LONDON (Reuters) - The Bank of England can reverse its huge bond-buying stimulus programme without sharply pushing up long-term interest rates and hurting the economy, as long it explains the plan properly and moves only gradually, a top BoE policymaker said on Tuesday.
Gertjan Vlieghe said the careful messages sent out by the U.S. Federal Reserve about the reversal of its quantitative easing (QE) programme had avoided sending the wrong signals about how fast it will wean the U.S economy off its crisis-era stimulus.
The BoE said in June it might start to unwind the 435 billion pounds of government bonds it has amassed since the financial crisis once its benchmark interest rate reaches 1.5 percent, double its current level.
“Understanding the main channels through which QE works is going to be very important when it comes to unwinding QE,” Vlieghe, one of the central bank’s nine monetary policymakers, said in a speech at Imperial College in London on Tuesday.
His speech challenged the BoE’s view that QE works mostly through “portfolio rebalancing,” or the idea that a central bank’s government bond purchases force investors to buy other assets like corporate bonds, helping the economy.
Vliehge argued that QE shaped expectations of future policy steps which “implies that unwinding QE need not have a material impact on the shape of the yield curve, or indeed on the economy, if properly communicated and done gradually”.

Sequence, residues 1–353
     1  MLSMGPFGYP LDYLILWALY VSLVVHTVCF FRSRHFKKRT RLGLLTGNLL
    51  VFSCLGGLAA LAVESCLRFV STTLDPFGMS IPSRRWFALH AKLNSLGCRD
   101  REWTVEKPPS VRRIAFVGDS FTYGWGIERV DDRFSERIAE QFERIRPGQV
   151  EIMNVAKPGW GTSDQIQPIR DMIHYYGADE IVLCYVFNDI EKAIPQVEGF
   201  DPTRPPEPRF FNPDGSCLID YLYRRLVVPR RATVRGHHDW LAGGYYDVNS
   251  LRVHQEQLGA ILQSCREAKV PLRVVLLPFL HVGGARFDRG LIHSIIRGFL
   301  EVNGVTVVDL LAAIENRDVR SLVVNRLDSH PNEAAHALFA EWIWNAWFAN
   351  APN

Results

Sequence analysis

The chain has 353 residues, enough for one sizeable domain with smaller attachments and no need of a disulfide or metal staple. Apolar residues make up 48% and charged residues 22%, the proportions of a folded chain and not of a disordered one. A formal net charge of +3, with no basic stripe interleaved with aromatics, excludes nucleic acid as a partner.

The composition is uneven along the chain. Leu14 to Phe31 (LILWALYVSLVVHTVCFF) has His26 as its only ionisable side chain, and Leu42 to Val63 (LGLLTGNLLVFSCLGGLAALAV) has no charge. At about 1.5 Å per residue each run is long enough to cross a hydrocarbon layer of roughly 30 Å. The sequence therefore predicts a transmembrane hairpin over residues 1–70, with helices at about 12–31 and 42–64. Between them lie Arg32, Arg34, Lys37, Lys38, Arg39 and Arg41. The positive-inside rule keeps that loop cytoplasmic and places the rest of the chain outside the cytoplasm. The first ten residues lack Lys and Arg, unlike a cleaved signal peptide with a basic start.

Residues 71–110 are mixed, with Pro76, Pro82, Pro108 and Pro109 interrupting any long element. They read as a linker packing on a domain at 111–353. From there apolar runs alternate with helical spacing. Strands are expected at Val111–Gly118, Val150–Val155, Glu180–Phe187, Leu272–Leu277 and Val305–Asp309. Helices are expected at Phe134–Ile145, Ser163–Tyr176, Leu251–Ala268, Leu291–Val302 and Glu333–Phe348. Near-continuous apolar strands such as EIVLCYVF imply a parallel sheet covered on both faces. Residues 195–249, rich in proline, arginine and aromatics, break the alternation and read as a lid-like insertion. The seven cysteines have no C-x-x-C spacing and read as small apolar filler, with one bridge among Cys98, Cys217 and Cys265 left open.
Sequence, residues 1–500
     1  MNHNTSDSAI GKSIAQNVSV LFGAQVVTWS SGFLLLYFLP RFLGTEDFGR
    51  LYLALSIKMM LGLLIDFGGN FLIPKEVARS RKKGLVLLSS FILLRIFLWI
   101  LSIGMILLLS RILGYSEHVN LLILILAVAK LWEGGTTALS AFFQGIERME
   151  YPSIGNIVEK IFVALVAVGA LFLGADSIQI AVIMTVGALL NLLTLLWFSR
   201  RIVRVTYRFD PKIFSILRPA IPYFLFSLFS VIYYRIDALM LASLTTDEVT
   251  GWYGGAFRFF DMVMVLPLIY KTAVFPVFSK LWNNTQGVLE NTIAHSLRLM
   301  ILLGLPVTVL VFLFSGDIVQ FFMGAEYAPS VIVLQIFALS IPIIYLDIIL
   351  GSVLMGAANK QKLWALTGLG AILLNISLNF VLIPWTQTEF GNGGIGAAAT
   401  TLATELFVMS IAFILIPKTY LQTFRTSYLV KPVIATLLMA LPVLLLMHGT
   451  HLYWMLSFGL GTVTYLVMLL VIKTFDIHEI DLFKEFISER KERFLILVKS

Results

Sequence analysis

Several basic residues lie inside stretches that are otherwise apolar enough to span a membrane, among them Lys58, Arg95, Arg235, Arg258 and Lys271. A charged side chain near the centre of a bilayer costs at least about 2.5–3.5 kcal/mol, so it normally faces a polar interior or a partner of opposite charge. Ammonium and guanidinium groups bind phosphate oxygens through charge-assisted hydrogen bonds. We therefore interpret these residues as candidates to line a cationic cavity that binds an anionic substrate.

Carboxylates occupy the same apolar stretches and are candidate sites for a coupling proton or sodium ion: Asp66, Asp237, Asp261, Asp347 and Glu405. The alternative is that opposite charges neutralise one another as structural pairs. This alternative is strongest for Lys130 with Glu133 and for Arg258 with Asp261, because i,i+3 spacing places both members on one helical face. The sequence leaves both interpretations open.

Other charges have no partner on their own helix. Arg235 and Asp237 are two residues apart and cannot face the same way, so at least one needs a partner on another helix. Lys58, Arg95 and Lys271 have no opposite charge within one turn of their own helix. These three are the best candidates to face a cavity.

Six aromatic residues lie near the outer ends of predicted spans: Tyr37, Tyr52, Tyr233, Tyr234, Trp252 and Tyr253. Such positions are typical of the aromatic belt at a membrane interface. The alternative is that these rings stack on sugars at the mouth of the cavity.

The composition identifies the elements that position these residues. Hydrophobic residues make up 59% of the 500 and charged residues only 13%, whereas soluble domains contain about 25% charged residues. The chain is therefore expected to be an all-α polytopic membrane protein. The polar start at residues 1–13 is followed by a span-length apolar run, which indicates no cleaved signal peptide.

JP Morgan economist Allan Monks said Vlieghe had presented a new case for the view among policymakers that QE had a more powerful impact on pushing rates down when a central bank buys bonds than on pushing rates up when the purchases are unwound.
Vlieghe said economists should look back into history for where rates might be heading.
He said the yield curve - the difference between the return on short and long-term debt - had been flat in the period before World War One, when the gold standard was still in force.
Since the BoE was granted independence in 1997, Britain’s inflation and inflation risk fundamentals had been more similar to the gold standard period than the 20th century average.
“So we should expect yield curves to be flat again on average,” he said.
He repeated his view that one or two interest rates hikes a year would be needed for the BoE to meet its 2 percent inflation target.
Writing by William Schomberg; editing by Andrew Roche